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Money-strapped city restructures fees

Having struggled with operating losses in recent years, the City Council on Monday, in its first meeting of the new year, passed a resolutions amending building code fees and hiking the cost of delinquent tax payments.

While the new and amended fees will not make much of a dent in $3 million in operating losses in as many years, it will bring into line revenue for the cost of services.

The package includes emergency service fees of up to $500 for the Fire Department's ambulance service. The new charges could add up to $20,000 for the countywide service.

Officials are also concerned about a nearly $1 million loss in the past five years on reimbursement for emergency services, most of them outside the city. A collection agency was hired last month to pursue the delinquent charges.

The public works permit fees, a new charge, could bring in about $5,000 in added revenue.

The resolution was approved by a 4-3 vote, with members Charles L. Mallow Jr., Rose Mary Christian and Kathleen Brigges voting "no." They contended a part of the proposal would pose a hardship for property owners, particularly the elderly and those on fixed incomes.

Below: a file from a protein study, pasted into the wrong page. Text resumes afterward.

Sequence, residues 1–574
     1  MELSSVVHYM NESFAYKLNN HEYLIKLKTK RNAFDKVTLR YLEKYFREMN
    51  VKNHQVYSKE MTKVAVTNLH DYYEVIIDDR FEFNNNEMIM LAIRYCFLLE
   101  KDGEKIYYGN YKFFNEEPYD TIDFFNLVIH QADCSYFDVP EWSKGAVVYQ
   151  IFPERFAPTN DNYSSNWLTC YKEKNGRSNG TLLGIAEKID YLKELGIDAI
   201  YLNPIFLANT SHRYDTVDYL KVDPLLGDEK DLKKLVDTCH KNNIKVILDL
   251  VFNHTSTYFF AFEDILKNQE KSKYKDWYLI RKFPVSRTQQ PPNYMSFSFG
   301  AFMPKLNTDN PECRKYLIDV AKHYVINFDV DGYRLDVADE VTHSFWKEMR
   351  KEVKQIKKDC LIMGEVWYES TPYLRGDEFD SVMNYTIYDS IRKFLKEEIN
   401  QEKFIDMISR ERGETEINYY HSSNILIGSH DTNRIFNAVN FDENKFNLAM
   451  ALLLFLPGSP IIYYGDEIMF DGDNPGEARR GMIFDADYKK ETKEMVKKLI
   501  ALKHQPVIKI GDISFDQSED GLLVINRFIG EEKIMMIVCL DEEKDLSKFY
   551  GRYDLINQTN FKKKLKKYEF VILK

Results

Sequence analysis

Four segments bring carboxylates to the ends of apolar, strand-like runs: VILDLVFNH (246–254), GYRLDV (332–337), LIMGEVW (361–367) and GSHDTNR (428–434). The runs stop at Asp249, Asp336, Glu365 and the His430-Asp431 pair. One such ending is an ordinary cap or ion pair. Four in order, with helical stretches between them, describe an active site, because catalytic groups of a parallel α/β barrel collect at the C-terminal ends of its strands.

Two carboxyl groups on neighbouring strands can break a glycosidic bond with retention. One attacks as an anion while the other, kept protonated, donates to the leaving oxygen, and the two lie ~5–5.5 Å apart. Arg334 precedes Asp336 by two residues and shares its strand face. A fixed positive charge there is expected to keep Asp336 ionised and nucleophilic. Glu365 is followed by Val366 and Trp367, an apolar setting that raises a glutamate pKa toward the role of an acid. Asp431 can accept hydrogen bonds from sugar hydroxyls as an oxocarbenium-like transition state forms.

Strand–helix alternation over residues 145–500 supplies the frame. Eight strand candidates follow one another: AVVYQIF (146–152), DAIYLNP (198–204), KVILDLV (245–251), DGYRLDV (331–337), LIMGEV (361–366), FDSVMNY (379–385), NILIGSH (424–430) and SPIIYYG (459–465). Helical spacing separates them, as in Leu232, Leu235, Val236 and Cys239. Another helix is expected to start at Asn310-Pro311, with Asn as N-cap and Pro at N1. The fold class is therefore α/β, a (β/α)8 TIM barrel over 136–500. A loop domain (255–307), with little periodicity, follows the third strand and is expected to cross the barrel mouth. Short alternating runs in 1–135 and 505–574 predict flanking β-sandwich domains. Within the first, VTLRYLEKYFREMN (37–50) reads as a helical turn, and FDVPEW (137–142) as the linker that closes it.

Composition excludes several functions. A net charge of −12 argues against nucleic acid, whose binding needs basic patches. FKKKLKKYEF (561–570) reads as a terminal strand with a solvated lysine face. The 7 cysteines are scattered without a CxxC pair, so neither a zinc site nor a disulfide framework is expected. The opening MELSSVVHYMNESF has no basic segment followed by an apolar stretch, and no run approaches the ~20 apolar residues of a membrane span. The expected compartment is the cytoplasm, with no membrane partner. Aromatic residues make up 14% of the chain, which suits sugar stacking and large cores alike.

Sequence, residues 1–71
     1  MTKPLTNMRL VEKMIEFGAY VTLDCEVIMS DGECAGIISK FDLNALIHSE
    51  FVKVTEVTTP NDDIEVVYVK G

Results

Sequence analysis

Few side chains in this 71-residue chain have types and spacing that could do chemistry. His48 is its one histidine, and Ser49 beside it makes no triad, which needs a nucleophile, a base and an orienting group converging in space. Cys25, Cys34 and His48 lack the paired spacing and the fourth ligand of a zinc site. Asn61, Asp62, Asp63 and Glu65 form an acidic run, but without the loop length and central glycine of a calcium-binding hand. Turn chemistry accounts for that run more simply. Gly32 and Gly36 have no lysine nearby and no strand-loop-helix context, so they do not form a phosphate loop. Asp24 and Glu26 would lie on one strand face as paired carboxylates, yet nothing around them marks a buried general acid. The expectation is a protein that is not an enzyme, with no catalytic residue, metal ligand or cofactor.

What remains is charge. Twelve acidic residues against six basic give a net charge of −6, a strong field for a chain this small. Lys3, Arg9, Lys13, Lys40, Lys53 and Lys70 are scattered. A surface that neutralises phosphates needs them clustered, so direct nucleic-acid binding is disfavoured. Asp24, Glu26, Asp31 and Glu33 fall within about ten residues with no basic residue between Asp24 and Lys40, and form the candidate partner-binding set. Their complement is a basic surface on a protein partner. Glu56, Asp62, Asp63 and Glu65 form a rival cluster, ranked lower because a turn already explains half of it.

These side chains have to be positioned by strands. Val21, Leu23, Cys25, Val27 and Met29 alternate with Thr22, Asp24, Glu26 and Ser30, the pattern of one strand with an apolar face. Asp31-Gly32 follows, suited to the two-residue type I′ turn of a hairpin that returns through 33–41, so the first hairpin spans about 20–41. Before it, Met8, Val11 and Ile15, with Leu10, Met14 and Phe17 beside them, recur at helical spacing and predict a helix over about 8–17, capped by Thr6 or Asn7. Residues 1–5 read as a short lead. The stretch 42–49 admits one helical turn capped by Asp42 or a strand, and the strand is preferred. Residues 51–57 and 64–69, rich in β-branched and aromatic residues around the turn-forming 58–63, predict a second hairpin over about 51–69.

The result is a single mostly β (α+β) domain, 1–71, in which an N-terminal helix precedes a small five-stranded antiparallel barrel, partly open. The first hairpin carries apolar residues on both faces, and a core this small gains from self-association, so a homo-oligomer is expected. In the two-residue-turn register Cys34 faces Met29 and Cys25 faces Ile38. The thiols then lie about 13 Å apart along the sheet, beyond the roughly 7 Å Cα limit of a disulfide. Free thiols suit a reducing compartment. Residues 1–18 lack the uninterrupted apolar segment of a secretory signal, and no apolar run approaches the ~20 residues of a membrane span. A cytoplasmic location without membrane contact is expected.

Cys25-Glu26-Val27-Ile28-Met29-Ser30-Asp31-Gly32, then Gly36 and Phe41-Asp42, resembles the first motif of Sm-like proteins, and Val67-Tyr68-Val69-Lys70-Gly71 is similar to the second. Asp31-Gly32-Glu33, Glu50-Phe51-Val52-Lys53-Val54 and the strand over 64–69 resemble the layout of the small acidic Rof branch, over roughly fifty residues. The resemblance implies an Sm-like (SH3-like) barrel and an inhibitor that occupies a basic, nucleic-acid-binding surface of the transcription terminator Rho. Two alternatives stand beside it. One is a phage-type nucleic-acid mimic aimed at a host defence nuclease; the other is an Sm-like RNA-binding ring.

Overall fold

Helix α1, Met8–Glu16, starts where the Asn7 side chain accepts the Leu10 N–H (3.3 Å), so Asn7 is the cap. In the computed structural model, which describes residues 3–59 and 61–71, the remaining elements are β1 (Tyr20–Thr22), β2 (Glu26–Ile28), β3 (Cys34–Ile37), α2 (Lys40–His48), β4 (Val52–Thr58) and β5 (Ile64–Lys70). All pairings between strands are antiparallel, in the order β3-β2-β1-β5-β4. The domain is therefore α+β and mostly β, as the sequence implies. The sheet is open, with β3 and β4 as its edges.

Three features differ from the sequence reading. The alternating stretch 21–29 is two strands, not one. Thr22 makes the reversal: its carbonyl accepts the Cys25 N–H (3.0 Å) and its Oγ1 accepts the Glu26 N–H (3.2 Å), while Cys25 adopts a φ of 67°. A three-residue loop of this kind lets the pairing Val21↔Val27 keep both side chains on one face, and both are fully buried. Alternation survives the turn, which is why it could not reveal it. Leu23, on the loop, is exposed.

They were referring to a new fee schedule that would increase interest charges on delinquent property taxes. A 5 percent charge the first month followed by 1 percent per month penalties and the possibility of a lien placed on the property are included in the resolution.

The revised building code, according to City Manager Jason R. Molino, is an overall updating to meet state requirements, many of which are already in place.

The procedures would include a new sewage fee of $35 per $1,000 gallons of water passing through the wastewater treatment plant.

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